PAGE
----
Preparing for the disasters of today is the first step in adapting to the disasters of tomorrow

Commentary/Letter to the Editor

"Turn Down the Heat: Why a 4°C Warmer World Must be Avoided," warns we’re on track for a 4°C warmer world marked by extreme heat-waves, declining global food stocks, loss of ecosystems and biodiversity, and life-threatening sea level rise. This study was carried out by the Potsdam Institute for Climate Impact Research and Climate Analytics, on behalf of the World Bank. The report, urges "further mitigation action as the best insurance against an uncertain future."

One of the points I missed in the recently presented Governing Program of the National Alliance/Democratic Party/3-Independent Members of Parliament coalition was the issue of climate change.

Erick Fernandes, World Bank Adviser for Climate Change and Natural Resource Management, even today the global climate is changing, and so regions must adapt to in order to maximize their resilience to the changes. Erick Fernandes explains, "Preparing for the disasters of today is the first step in adapting to the disasters of tomorrow."

New report outlines disastrous effects were global temperatures to rise by four degrees. Latin America and Caribbean predicted to be one of the regions most affected by temperature spike. Adapting to changes today will increase the region’s resilience to future disasters.

Increased high-intensity cyclones, reduced arable land and the loss of low-lying regions are just some of the possible consequences for Latin America and the Caribbean if global temperatures were to rise 4°C by 2100, according to the new study ‘Turning down the Heat.’ An increase double that of the internationally recognized 2 degree Celcius target, widely considered being the tipping point after which environmental damage will be irreparable.

Since 1998, the melting ice from the ice fields in Patagonia has contributed to around 2% of the global annual sea level rise. As temperatures rise, this rate is only likely to increase, with the report projecting sea levels to rise between 0.5 -1m by the turn of the next century. Such a rise could do untold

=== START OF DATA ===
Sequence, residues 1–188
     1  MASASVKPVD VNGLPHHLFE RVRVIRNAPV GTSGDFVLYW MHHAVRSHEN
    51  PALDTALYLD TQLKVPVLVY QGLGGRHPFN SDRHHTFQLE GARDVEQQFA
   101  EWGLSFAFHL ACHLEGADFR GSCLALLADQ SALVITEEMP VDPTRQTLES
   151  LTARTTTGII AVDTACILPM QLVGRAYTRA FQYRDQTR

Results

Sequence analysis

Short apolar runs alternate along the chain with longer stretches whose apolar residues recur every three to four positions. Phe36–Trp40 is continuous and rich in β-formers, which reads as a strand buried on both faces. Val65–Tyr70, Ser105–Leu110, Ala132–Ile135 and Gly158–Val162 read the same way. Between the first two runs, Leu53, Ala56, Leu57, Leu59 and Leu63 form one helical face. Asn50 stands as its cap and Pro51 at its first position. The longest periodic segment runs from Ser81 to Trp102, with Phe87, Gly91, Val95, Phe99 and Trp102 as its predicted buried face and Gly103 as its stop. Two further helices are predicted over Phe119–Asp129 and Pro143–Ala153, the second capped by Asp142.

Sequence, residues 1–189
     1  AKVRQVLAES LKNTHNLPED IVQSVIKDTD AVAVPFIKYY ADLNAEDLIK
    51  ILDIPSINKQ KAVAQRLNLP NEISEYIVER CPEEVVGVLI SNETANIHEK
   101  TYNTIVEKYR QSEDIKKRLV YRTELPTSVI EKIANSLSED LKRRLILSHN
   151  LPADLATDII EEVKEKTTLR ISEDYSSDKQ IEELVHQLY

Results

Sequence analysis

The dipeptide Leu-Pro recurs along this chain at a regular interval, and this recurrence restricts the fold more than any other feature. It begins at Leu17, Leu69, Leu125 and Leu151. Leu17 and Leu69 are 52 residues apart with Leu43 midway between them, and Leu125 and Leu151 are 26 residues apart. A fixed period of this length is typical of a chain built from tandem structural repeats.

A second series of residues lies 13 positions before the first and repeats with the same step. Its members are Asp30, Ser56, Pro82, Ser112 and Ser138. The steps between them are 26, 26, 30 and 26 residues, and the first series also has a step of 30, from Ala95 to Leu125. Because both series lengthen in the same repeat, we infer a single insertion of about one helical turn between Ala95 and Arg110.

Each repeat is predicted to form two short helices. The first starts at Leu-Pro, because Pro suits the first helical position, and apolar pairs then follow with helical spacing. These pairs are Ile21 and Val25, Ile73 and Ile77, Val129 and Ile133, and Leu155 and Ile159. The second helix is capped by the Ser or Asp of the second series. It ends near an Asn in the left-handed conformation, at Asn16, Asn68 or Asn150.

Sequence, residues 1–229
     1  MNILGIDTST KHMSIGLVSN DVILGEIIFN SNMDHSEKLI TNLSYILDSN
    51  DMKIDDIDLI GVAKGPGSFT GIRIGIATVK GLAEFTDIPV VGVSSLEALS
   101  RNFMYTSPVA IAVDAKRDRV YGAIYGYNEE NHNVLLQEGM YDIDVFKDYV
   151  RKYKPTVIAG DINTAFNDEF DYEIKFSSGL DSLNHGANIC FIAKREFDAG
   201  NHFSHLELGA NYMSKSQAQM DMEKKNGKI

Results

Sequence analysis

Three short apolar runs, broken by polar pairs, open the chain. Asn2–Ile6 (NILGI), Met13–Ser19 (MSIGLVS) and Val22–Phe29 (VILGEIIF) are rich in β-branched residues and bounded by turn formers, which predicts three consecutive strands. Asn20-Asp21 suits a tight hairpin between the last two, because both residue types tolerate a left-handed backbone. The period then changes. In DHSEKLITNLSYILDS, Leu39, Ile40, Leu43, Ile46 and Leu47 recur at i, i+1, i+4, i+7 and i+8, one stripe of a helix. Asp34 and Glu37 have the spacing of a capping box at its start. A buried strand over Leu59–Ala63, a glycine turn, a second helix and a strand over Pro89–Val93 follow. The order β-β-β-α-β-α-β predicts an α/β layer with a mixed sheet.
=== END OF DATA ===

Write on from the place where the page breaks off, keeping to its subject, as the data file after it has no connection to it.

damage on the small, low-lying islands in the Caribbean, contaminating freshwater wetlands, vital for the islands’ water supply, and with projected losses totalling US$68.2 billion by 2080, much of which would be borne by the region’s tourism industry.

Already one of the Caribbean region’s most dangerous meteorological hazards, the frequency of high-intensity tropical cyclones is predicted to increase. Nonetheless some of the countries in the region has embraced the challenge, with many countries implementing innovative and ecologically sound solutions, which live up to their environmental responsibilities.

Currently the World Bank is working with 130 countries worldwide to tackle climate change, doubling its lending for adaptation. US$7.2 billion worth of Climate Investment Funds are now in operation in 48 countries, 14 of which are in Latin America and the Caribbean.

Negotiations late last year on climate change have resulted in a number of significant achievements, which will benefit Small Island developing states.

There were positive developments coming out of the United Nations Framework Convention on Climate Change (UNFCCC) held in Doha Qatar from November 26 to December 8, progress was made towards the establishment of a mechanism that will address issues relating to loss and damage in developing countries that are particularly vulnerable to the adverse effects of climate change. This will improve the capacity of these countries to adapt to climate change.

Our country has a lot to lose with respect to the impact of climate change, but also much to gain with respect to adaptation. Sint Maarten would be better off preparing today in adapting for climate change disaster in the future. Even though it may look like a humongous task, every beginning starts with the first few steps.

Roddy Heyliger